3. A contactless potentiometer according to claim 2, comprising at least on pair of galvanomagnetic resistors in addition to the [first-mentioned pair, the two resistors of each additional pair being fixedly joined with said first pair in said field gap and disposed in respectively different positions corresponding to those of said first-pair resistors, and the two resistors ot each additional pair being serially connected with each other in parallel relation to one of the two resistors of the next preceding pair.
4. In a contactless potentiometer according to claim 2, said two galvanomagnetic resistors having respectively diftferent zero-(field resistance values.
5. A contactless potentiometer, comprising a magnetic field structure having a field gap, a carrier structure in said gap, one Otf said two structures being angularly displaceatble relative to the other about an axis transverse to the flux direction, a voltage divider circuit having two galvanomagnetic resistors connected in series with each other and having between said two members a tap for providing a variable output volt-age, said resistors having substantially flat shape and extending on said carrier in respective planes parallel to said axis and angularly related to each other so that said angular displacement causes the flux through one resistor to increase while simultaneously decreasing in the other.
6. A contactless potentiometer, comprising a magnetic field structure having a field gap, a carrier structure in said gap, said carrier structure having elongated prismatic shape and a square cross section, one of said two structures being rotatably displaceable relative to the other about an axis transverse to the flux direction in said gap and coincident with the axis of said prismatic carrier structure, a voltage divider circuit having a pair of galvanomagnetic resistors of flat shape connected in series with each other and mounted on respective mutually perpendicular surfaces of said carrier, so that angular displacement causes the magnetic flux through one resistor to increase while simultaneously decreasing in the other resistor of said pair.
7. A contactless potentiometer according to claim 6, comprising at least one pair of. galvanomagnetic resistors in addition to the first-mentioned pair, the two resistors orf each additional pair being also mounted on respective mutually perpendicular sunfaces of said carrier structure, the two resistors of each additional pair being serially connected with each other in parallel relation to one of the two resistors of the next preceding pair, and the seriesconnected resistors located on the same one of said carrier surfaces being formed of a single galvanomagnetic resistance member having a plurality of taps.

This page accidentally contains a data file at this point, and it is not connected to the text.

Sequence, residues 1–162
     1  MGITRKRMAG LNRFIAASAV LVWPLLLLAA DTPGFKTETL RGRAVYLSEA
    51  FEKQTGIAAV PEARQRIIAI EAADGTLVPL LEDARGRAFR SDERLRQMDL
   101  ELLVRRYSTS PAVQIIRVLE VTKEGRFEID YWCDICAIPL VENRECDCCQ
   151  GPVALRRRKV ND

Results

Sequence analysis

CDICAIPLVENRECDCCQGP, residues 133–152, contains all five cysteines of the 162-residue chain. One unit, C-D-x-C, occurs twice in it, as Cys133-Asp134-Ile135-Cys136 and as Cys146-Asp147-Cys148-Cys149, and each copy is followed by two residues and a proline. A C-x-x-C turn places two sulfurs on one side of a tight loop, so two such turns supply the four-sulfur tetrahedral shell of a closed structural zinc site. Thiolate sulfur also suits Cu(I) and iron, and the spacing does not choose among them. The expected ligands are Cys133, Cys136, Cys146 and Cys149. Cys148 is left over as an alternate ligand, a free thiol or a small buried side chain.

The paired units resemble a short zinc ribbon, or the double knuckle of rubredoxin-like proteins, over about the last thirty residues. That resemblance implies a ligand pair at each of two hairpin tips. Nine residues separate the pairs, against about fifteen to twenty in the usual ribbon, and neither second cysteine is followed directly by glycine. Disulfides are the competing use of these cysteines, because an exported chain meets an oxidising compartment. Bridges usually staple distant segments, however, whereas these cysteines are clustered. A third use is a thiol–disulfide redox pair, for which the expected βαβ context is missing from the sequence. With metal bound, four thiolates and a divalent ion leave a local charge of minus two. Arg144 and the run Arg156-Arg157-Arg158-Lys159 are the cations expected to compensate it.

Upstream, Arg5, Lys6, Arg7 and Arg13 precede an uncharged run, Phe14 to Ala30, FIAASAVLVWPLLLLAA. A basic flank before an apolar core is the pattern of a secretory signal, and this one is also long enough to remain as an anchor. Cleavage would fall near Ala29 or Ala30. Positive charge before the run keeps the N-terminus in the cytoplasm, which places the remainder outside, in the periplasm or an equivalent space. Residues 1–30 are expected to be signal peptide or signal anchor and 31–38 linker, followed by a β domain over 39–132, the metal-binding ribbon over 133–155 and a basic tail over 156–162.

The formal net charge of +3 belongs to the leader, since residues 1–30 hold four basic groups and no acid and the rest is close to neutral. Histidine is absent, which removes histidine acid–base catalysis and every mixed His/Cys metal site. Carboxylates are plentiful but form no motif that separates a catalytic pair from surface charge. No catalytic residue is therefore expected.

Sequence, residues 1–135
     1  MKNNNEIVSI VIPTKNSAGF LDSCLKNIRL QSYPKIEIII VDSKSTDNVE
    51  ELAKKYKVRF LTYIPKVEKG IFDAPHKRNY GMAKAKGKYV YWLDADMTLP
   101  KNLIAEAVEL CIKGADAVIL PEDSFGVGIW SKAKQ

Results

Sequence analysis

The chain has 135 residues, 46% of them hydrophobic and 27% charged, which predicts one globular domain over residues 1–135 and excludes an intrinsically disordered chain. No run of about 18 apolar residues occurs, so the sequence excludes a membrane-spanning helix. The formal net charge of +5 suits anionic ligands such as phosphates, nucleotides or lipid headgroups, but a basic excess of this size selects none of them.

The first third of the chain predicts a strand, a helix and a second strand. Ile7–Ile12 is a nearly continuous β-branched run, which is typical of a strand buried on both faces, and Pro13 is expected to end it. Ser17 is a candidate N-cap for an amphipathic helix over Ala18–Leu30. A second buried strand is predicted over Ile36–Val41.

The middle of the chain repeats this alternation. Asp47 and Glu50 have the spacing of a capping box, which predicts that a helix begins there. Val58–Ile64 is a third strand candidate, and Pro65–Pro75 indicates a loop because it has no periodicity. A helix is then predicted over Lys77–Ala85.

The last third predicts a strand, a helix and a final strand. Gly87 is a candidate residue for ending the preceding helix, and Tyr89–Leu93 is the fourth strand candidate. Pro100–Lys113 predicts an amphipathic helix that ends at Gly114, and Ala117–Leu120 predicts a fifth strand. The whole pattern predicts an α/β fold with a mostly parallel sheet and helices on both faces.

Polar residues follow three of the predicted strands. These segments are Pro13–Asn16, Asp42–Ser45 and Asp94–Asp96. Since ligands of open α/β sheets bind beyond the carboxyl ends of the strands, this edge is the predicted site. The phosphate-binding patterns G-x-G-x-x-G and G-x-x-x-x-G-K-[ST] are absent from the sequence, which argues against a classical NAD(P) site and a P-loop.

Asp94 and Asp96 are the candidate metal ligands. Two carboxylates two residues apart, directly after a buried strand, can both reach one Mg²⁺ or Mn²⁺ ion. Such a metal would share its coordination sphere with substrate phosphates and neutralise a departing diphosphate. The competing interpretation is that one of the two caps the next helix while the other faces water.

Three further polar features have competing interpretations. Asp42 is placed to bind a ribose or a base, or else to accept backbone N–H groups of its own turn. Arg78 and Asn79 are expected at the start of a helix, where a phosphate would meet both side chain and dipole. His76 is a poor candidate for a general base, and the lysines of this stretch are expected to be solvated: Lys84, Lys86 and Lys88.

:8. in a contactless potentiometer according to claim 7,
the mutually series-connected ones of said resistors on the same sunfiace of said carrier structure being joined together to form a single integral resistance member having a tap.
9. In a contactless potentiometer according to claim 2, said carrier structure consisting of electrically conductive material so as to have a shielding eitect.
.-10. In a contactless potentiometer according to claim 2, said carrier structure consisting of ferromagnetic material [for reducing the active Width of said field gap.
11. 'In a contactless potentiometer according to claim 2, said carrier structure consisting of ferromagnetic material, and cylinder segments of ferromagnetic and electrically conductive material mounted on the lateral surtaces of the carrier and covering said resistors, said segments supplementing the carrier structure to a substantially circular over-all cross section.
12. In a contactless potentiometer according to claim 2, said field structure having in said gap a field area corresponding in size substantially to the area of one of said two galvanomagnetic resistors, said two resistors consisting of planar plates mechanically joined beside each other in a single plane, the direction of relative displacement between said two structures being perpendicular to the flux direction in said gap.
16. A contactless potentiometer according to claim 12, comprising at least one additional pair of galvanomagnetic resistors corresponding in area to the two aforesaid resistors and being mechanically joined with said carrier structure, the respective resistors of each additional pair and the respective arfore-said tvv-o resistors being arranged above one another.
14. A contactless potentiometer according to claim 12, comprising a metal 'foil between each two pairs Otf said galvanomagnetic resistors.
15. A contactless potentiometer according to claim 12, comprising a rotatable drive cam, and translatory transmission means connecting said cam to said displaceable structure for controlling the voltage division in dependence upon the rotational cam position.
16. A contactless potentiometer, comprising a magnetic [field structure having a three-legged core Whose two outer legs have respective field gaps and whose center leg has magnetic excitation means for passing pre-magnetizing flux through said two gaps, two galvanomagnetic resistance members connected in series with each other and disposed in said respective gaps to have their respective resistances dependent upon the magnetic flux traversing said members, and a control winding mounted on said structure and inductively linked with both of said outer legs to provide,
when energized, a control flux bucking said pre-magnetiz-' ing flux in one leg and boosting it in the other, whereby the resultant fluxes in said resistance members and thus their resistance values are controlled in mutually inverse relation to each other.
17. In a contactless potentiometer according to claim 16, said magnetic excitation means of said center leg being a permanent magnet.
References Cited by the Examiner RICHARD M. WOOD, Primary Examiner.
H. T. POWELL, W. I), BROOKS, Assistant Examiners.